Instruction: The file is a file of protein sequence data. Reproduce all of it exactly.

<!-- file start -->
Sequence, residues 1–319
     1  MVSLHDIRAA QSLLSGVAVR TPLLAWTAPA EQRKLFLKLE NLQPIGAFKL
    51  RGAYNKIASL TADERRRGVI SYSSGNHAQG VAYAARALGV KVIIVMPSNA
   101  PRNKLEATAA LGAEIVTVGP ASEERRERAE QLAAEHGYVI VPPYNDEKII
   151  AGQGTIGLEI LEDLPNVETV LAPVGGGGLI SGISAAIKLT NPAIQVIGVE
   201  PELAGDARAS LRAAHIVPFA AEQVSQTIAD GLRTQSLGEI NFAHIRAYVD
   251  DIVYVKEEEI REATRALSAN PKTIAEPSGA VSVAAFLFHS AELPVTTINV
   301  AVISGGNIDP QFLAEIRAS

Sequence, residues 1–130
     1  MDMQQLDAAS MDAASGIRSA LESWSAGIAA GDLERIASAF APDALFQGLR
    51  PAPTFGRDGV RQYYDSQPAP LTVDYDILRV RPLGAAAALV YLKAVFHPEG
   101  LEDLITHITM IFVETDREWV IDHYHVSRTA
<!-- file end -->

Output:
Sequence, residues 1–319
     1  MVSLHDIRAA QSLLSGVAVR TPLLAWTAPA EQRKLFLKLE NLQPIGAFKL
    51  RGAYNKIASL TADERRRGVI SYSSGNHAQG VAYAARALGV KVIIVMPSNA
   101  PRNKLEATAA LGAEIVTVGP ASEERRERAE QLAAEHGYVI VPPYNDEKII
   151  AGQGTIGLEI LEDLPNVETV LAPVGGGGLI SGISAAIKLT NPAIQVIGVE
   201  PELAGDARAS LRAAHIVPFA AEQVSQTIAD GLRTQSLGEI NFAHIRAYVD
   251  DIVYVKEEEI REATRALSAN PKTIAEPSGA VSVAAFLFHS AELPVTTINV
   301  AVISGGNIDP QFLAEIRAS

Sequence, residues 1–130
     1  MDMQQLDAAS MDAASGIRSA LESWSAGIAA GDLERIASAF APDALFQGLR
    51  PAPTFGRDGV RQYYDSQPAP LTVDYDILRV RPLGAAAALV YLKAVFHPEG
   101  LEDLITHITM IFVETDREWV IDHYHVSRTA